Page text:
Intact America’s latest intactivism outreach campaign, Skin in the Game (skininthegame.org) features images of people of every race, ethnicity, sex, and body type who share their interest in the topic of circumcision and how the practice of circumcision has affected them. What it shows is that circumcision cuts through all of us. It has both short-term and long-term physical, psychological, and emotional consequences for male infants, children, and adults. But it also affects relationships and family dynamics. A wife or partner may not understand the sexual repercussions of a circumcision gone wrong. Children may be angry at their parents for allowing them to be circumcised. Parents may feel guilty about a decision made before they are fully informed.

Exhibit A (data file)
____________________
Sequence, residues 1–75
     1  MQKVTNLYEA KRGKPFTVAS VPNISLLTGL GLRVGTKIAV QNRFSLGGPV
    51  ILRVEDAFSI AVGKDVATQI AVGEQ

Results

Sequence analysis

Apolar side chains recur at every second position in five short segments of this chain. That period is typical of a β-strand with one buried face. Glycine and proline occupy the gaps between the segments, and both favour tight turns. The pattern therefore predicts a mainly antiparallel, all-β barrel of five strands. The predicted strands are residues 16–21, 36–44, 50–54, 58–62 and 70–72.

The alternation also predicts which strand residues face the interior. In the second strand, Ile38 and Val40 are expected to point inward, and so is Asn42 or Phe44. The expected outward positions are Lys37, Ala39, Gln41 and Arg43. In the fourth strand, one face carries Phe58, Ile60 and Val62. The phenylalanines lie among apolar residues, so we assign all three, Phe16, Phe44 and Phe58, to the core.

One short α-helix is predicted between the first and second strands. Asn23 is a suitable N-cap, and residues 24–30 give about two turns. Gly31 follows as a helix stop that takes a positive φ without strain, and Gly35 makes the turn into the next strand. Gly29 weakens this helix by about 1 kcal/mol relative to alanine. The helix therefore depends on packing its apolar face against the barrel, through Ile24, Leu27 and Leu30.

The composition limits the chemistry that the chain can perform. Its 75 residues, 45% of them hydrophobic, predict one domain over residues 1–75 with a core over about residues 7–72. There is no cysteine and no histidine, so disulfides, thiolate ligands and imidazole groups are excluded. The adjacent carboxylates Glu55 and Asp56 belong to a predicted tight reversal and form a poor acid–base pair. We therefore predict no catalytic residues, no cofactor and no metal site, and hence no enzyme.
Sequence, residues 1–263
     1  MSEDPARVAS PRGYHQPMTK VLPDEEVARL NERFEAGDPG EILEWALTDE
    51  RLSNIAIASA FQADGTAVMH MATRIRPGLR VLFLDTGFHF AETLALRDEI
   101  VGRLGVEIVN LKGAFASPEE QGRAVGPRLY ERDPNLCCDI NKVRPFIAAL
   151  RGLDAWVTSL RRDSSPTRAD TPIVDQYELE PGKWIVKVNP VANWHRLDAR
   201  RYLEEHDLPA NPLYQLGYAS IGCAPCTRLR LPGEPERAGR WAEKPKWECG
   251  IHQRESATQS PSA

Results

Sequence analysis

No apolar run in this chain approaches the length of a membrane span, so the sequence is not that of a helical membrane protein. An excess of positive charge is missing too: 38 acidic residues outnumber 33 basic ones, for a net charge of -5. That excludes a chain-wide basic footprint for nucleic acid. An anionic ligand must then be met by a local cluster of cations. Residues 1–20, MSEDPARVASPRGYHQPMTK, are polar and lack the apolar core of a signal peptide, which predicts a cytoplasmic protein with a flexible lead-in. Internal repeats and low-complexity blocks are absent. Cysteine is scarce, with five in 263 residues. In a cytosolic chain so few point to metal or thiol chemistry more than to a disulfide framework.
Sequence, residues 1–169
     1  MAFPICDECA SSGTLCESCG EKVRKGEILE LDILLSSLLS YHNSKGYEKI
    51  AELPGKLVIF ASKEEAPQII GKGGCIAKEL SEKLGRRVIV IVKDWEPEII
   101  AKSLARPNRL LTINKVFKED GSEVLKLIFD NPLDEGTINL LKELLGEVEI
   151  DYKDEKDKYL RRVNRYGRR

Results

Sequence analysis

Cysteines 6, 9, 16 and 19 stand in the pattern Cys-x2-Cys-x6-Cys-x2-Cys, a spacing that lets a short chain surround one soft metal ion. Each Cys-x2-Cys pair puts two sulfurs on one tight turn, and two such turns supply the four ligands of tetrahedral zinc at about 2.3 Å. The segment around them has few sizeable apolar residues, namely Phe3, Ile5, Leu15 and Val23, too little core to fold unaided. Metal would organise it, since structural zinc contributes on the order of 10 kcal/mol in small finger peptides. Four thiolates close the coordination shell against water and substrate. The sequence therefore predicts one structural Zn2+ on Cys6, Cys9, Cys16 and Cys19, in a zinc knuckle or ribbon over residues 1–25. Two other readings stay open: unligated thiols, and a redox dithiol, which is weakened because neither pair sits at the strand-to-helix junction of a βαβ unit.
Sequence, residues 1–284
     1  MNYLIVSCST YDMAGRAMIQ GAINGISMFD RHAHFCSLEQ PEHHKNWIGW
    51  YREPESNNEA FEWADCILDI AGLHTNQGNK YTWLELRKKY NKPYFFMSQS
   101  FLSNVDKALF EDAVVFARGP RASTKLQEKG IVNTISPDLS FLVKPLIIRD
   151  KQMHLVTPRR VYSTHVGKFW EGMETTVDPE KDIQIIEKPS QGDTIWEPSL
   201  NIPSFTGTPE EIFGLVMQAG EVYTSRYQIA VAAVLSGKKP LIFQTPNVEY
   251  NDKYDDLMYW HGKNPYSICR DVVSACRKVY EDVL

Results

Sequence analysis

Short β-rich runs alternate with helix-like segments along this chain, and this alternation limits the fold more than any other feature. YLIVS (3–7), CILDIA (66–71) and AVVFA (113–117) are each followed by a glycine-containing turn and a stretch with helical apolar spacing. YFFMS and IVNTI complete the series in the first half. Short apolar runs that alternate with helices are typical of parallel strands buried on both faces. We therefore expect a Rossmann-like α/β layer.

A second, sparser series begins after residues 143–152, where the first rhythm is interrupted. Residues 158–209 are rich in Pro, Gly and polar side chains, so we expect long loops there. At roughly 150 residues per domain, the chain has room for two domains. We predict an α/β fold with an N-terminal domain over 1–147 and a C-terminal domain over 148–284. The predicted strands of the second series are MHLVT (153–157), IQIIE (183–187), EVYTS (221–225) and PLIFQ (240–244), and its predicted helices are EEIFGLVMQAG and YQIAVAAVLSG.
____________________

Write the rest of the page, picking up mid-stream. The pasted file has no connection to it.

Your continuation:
Intact America Founding Executive Director Georganne Chapin reveals in the epilogue to her book This Penis Business that the intactivist organization, in tandem with the group Doctors Opposing Circumcision, is “on the cusp of signing off on a custom-developed consumer-facing electronic system called DoNoHarm.report” that will be launched state by state in 2024. The program will consist of standardized forms that collect complaints from parents and others who were pressured by doctors or hospital personnel to circumcise their sons, who experienced any aspect of circumcision complications, or who have been victims of forcible foreskin retraction, a common issue that both parents and medical personnel misunderstand. With this information, doctors and medical organizations can no longer claim they have not heard of any complaints about circumcision or have no access to records of complaints.

How to Get Involved in Intactivism

Anyone can become an intactivist in word and deed by recognizing that boys, like girls, are born perfect and that the foreskin is a functional body part with thousands of nerve endings that serve no one but the medical industry when they are amputated.